ByIan M. Simpson, writer at Creators.co
I love superheroes and villains alike! I'm also a big fan of Sci-Fi, Fantasy, and Gaming! Follow me on Twitter! @The_Simpsonian
Ian M. Simpson

I am a loyal part of many major fandoms. I can wear Hogwarts robes while brandishing a sonic screwdriver in one hand and a replica of Bilbo Baggin's sword Sting in the other. While I could rattle off a list of fandoms that could frankly form an article all on their own, there are two fandoms that I support with as much pride as my heart will allow, Marvel and Star Wars.

Now sheathe your batarangs loyal citizens of DC, and hold thy phasers kind Star Trek loyalists, for I have great respect for Bruce Wayne and Jim Kirk alike, but my entire childhood was built off the backs of Peter Parker and Luke Skywalker.

Now there are many apparent similarities between Parker and Skywalker. They both were raised with their aunts and uncles, they both made it their sole purpose to save the world, and so on and so forth. However, in comparison, I find Anakin Skywalker has more similarities with Peter than Luke ever had.

Tragic Origins

We've seen enough Spider-Man origin stories to know all about Peter growing up without his parents. They left him with his Aunt May and Uncle Ben when he was very young, and that was that.

Anakin's childhood situation was the opposite, yet very much the same. Instead of being left behind by his parents, he left his only familial connection (his loving mother, Shmi) to join Qui-Gon Jinn and Obi-Wan Kenobi in the Jedi Order.

Both he and Peter were removed from their parents at a very young age. They both adopted new parental figures. Peter went on to live with his Aunt May and his Uncle Ben, and they raised him all throughout his childhood. Anakin saw his mentor Obi-Wan Kenobi as a father figure, as he addressed at the beginning of Attack of the Clones. Both of these parental figures taught these characters a lot of moral guidelines that affected the way they lived their lives.

Forbidden Love...

Despite his villainous actions in the original Star Wars trilogy, Anakin Skywalker is the main protagonist throughout the prequel, as we see his rise as a Jedi Knight. And of course in films called "Spider-Man", Spider-Man himself is the protagonist. And in any good story, the hero always gets the girl. Westley got Buttercup, Aladdin got Jasmine, and Jon Snow got Ygritte (at least for a while).

However, when the two protagonists in question ultimately fell in love, they did so to the protest of others. Peter fell in love with Gwen Stacy in high school, and they had an instant connection. The connection was so strong that Peter revealed his Spidey secret to her, and her alone. Unfortunately for him, when Gwen's father died in combat with the Lizard at the end of The Amazing Spider-Man, he made Peter promise to stay from Gwen. Well did he? No, he most certainly did not.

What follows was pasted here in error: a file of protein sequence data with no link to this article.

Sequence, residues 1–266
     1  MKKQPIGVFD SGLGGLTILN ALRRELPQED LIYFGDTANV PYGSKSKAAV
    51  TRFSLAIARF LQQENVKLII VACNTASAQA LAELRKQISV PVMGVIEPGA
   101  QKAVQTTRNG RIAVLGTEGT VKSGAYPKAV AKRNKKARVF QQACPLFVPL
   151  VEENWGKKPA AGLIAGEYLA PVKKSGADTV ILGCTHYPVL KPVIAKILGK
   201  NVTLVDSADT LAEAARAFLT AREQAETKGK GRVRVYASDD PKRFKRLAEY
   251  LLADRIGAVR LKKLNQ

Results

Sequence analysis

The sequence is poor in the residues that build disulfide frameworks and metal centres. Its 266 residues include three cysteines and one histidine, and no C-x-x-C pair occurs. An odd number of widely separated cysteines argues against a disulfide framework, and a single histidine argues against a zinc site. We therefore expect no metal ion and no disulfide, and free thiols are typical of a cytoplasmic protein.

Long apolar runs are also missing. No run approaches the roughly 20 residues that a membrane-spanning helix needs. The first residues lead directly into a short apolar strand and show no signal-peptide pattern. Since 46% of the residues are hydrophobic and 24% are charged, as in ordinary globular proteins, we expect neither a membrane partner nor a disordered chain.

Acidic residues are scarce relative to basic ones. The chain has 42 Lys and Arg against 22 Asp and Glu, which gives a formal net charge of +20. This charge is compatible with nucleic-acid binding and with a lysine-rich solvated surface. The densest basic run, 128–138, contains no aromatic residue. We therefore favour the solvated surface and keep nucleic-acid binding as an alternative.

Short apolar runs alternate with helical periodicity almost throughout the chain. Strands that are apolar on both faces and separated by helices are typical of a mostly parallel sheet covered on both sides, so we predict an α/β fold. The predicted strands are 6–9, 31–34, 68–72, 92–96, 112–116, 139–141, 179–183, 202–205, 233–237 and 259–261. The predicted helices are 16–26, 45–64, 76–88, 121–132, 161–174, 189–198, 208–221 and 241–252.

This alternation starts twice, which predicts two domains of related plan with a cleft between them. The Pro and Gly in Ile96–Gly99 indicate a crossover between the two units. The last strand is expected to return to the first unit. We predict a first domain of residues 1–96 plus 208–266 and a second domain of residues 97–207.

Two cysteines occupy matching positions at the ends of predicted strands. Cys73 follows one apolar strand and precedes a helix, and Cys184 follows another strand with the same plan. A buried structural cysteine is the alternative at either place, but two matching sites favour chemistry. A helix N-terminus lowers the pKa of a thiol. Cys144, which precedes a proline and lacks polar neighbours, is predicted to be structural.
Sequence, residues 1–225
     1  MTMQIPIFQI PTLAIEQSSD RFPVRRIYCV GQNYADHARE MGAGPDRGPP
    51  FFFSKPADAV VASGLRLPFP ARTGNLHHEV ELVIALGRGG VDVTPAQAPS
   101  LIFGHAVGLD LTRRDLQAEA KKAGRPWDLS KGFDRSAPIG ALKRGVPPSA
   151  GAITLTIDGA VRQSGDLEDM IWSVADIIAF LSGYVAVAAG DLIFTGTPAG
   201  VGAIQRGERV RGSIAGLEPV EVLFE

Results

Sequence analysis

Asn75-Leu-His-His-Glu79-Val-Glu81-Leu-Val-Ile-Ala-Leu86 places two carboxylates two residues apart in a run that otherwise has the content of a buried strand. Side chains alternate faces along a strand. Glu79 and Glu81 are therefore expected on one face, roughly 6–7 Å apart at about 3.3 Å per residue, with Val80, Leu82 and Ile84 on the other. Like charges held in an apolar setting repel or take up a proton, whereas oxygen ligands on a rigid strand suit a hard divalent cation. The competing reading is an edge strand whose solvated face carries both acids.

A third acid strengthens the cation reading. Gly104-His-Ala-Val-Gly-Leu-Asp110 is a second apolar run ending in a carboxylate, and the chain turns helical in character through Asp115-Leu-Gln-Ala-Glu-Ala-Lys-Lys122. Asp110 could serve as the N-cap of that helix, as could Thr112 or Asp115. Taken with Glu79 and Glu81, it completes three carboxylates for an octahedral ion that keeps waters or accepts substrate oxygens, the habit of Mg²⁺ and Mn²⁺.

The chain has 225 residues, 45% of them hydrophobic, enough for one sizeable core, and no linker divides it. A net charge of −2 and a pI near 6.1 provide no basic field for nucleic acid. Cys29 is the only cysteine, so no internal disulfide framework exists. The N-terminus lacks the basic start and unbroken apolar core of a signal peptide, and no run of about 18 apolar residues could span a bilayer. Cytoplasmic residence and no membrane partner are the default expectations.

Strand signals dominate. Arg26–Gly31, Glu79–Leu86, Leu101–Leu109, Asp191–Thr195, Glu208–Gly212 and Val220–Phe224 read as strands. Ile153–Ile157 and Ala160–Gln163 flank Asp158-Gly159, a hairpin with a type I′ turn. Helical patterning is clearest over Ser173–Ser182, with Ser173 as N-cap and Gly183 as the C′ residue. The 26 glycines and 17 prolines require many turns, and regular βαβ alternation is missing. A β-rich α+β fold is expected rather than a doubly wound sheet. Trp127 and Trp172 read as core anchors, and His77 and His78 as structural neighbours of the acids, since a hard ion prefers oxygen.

If you think Peter had it rough, just think about Anakin. Not only was he forbidden to be in love with Padme, he was forbidden from love in general. Much like Peter though, Anakin threw customs out the window in favor for his feelings for Padme. He went on to marry her, and father her two twin children.

Sadly enough, as is true with most hero stories, breaking the rules often comes with consequences.

...And Broken Hearts

The good times for both Peter Parker and Anakin Skywalker were quickly shortened when the loves of their lives met premature ends. At the end of The Amazing Spider-Man 2, Gwen Stacy had an unfortunate fall during the climactic battle with the sinister Green Goblin. Despite all of Peter's attempts to rescue her, he was unsuccessful.

Anakin wasn't quite as noble when it came time for Padme to meet her fate. In fact, it was more Anakin's fault than anything. Enraged after Obi-Wan's intrusive appearance, he used the dark side of the Force to choke the life out of her. While many fans claimed that she died of a broken heart, it was Anakin's fault nonetheless, as it was Peter's fault that Gwen died. If Peter had only stayed away like he promised Captain Stacy, she would probably still be alive.

Turning To The Dark Side

While the term "turning to the dark side" was ultimately coined by Star Wars, it very much applies to Peter Parker and his run in with a very special alien symbiote. After the symbiote clung to Peter in Spider-Man 3, both his physical appearance and his demeanor took a turn to the dark side. His traditional blue and red suit turned black and he became a lot less noble than usual.

And we all know the story of Anakin, how he abandoned the Jedi Order to turn to the dark side of the Force. He donned a black suit as Peter did and started a new reign of tyranny as the face of the Galactic Empire. But of course, they wouldn't be very good protagonists if their stories ended there would they?

Return to the Light

Just as we were sure that Darth Vader was going to let evil Emperor Palpatine electrocute his son to death with Sith lightning, we got to see Vader have a change of heart. He reverted to Anakin Skywalker, his former Jedi self, in order to save Luke and bring about an end to Palpatine's dictatorship. By doing so, he ensured his own fate, though he died happy, back on the side of the good guys.

Peter's story also had a happy ending, though far less dramatic. He saw the evil in himself and was able to identify the symbiote as the cause for the whole ordeal. He then shed the suit and disposed of the symbiote, returning to his normal heroic self.

You see? One of the of the most loved superheroes is actually identical to one of the most revered villains of all time. It's up to you to pick a favorite though. Did Vader's quest for power and peace throughout the galaxy appeal to your inner warrior, or did Peter's sense of nobility and responsibility align with your own philosophy?

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